Samsung's Sero TV (a QLED HDTV That Rotates) Is Available Now
At CES back in January, Samsung introduced a highly unique TV-one that rotates and gives users the opportunity to watch content in portrait as well as landscape mode. This allowed users to, say, watch Instagram Stories or TikTok videos vertically on their TVs. Now, that 47-inch TV, the Samsung Sero TV, is available in the U.S., at a listed retail price of $1,999.99.
At CES back in January, Samsung introduced a highly unique TV-one that rotates and gives users the opportunity to watch content in portrait as well as landscape mode. This allowed users to, say, watch Instagram Stories or TikTok videos vertically on their TVs.
Now, that 47-inch TV, the Samsung Sero TV, is available in the U.S., at a listed retail price of $1,999.99. The TV, which like Samsung's other high-end TVs features a QLED panel, had already been available in Korea.
Among other features, the Sero TV allows users of Samsung Galaxy phones to mirror to the Sero TV's screen by tapping their phone against the screen's frame. It works with iPhones too, although doing so requires more steps.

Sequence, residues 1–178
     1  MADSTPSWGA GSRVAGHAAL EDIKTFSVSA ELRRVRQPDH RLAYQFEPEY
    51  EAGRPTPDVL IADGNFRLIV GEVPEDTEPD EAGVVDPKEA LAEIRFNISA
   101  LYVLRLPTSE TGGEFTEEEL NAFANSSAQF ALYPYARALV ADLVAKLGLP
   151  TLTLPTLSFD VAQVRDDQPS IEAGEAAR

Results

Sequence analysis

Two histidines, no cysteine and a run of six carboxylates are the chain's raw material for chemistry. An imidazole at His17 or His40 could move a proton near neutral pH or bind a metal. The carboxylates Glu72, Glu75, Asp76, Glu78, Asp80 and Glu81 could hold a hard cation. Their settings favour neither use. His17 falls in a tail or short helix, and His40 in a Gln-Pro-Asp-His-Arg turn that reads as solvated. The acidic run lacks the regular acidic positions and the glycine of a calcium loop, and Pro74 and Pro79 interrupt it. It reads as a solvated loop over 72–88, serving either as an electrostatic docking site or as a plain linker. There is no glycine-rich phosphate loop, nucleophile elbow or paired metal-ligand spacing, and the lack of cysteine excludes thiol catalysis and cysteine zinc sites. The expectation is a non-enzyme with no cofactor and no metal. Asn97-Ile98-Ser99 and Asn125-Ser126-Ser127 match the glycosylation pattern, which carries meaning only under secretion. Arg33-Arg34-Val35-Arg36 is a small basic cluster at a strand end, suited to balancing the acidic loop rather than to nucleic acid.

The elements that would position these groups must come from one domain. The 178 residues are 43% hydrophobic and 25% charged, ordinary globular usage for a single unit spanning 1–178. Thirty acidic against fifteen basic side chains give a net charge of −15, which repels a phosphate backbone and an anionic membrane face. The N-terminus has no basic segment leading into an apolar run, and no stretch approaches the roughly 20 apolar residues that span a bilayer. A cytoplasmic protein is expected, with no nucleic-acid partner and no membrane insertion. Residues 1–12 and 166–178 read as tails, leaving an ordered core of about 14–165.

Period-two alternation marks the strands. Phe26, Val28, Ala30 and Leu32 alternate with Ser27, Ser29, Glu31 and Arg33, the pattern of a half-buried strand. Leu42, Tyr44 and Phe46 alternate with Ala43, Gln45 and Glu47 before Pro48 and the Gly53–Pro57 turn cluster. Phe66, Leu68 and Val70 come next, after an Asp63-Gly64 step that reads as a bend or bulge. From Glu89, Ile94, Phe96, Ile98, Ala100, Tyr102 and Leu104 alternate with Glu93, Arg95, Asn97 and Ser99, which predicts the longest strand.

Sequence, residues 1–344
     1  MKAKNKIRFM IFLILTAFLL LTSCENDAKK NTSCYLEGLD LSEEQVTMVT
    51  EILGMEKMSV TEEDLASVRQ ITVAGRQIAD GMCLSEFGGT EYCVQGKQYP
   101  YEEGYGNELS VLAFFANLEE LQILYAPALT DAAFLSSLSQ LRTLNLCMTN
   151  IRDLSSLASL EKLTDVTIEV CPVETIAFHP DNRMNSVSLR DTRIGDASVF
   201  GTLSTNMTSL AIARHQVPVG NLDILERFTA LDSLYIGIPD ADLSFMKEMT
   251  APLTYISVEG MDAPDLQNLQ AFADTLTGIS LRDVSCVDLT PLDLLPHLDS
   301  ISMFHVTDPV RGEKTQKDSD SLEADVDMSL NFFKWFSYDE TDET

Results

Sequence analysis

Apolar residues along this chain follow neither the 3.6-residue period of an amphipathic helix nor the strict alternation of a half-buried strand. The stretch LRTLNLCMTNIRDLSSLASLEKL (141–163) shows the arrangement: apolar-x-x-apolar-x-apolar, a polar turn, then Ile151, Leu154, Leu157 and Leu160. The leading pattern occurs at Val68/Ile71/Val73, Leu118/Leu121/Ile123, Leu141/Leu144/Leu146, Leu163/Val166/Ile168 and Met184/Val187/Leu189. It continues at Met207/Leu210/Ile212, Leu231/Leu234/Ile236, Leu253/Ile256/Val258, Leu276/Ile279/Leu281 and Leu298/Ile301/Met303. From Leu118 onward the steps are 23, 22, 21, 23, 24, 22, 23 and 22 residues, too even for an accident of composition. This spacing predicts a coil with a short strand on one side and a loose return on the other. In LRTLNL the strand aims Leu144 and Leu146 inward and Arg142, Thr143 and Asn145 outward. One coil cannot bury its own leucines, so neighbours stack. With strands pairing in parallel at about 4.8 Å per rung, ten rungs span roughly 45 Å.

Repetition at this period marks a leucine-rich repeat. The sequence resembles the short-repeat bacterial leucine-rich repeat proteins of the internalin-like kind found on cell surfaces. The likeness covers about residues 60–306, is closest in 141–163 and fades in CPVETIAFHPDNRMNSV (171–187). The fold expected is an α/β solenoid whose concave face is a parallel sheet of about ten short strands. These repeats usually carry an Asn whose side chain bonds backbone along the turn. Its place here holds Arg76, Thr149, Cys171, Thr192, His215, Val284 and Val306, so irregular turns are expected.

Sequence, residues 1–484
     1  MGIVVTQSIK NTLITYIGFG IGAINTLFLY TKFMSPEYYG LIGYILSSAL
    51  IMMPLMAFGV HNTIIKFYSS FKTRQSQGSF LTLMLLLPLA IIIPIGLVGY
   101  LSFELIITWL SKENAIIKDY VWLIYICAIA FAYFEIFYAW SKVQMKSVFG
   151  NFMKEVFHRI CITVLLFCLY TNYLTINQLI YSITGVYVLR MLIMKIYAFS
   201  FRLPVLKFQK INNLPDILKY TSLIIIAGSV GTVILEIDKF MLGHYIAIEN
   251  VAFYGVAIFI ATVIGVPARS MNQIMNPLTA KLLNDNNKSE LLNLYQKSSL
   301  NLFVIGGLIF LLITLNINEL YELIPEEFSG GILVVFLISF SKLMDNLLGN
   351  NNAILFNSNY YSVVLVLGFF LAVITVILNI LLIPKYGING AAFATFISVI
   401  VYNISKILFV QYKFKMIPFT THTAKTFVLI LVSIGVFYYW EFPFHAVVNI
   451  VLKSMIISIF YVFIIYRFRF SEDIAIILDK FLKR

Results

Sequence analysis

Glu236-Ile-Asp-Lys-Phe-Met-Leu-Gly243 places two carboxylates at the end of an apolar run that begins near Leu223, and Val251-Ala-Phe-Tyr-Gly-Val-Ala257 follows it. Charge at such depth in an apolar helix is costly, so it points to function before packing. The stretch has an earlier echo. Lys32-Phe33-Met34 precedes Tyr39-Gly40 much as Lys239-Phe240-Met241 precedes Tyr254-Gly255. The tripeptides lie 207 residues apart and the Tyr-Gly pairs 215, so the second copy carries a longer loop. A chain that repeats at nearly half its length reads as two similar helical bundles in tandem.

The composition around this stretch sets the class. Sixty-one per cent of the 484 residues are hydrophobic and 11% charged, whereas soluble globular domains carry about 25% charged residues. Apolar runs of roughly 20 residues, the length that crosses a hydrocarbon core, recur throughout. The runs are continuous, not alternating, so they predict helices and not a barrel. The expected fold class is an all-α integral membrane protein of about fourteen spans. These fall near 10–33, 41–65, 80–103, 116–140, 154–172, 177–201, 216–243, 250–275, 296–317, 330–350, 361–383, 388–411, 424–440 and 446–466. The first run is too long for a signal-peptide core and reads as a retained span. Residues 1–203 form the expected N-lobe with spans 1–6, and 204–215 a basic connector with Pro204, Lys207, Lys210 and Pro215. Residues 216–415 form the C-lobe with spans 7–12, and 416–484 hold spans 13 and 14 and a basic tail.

Samsung makes TVs much bigger and more expensive, like the 99-inch QLED TV that costs $60,000. It also recently announced the Terrace, which is for watching TV outside; the Terrace, as well as the Sero, is part of the company's Lifestyle TV Line.
The company also introduced new 8K TVs earlier this year.
TV review sites got a look at the Sero TV back at CES.
"As a conceptual and cultural piece, the Samsung Sero TV is incredibly intriguing," TechRadar wrote about the Sero. "The ability to have a TV that rotates automatically to match the orientation of your content is something any TikTok-user will appreciate. That said, cinephiles may be more attracted to traditional QLED screens that focus a bit more on substance over style."
Drawbacks for the Sero TV, according to that site, included the lack of automatic rotation for iOS, and that it only comes in a single size.
"The rotating Samsung Sero flips to resemble your smart phone, targeting millennials and Gen Zers who prefer social video," Tom's Guide wrote. That site praised the rotating display, that it works with both Android and iPhone, and that it's "Ideal for watching social videos," but criticized its "underwhelming audio," and that it's not mountable on a wall.
"From a conceptual standpoint, the Sero speaks to the larger trend of traditional entertainment devices embracing the younger generations love of everything mobile," Tom's Guide said.
Stephen Silver, a technology writer for The National Interest, is a journalist, essayist and film critic, who is also a contributor to Philly Voice, Philadelphia Weekly, the Jewish Telegraphic Agency, Living Life Fearless, Backstage magazine, Broad Street Review and Splice Today. The co-founder of the Philadelphia Film Critics Circle, Stephen lives in suburban Philadelphia with his wife and two sons. Follow him on Twitter at @StephenSilver.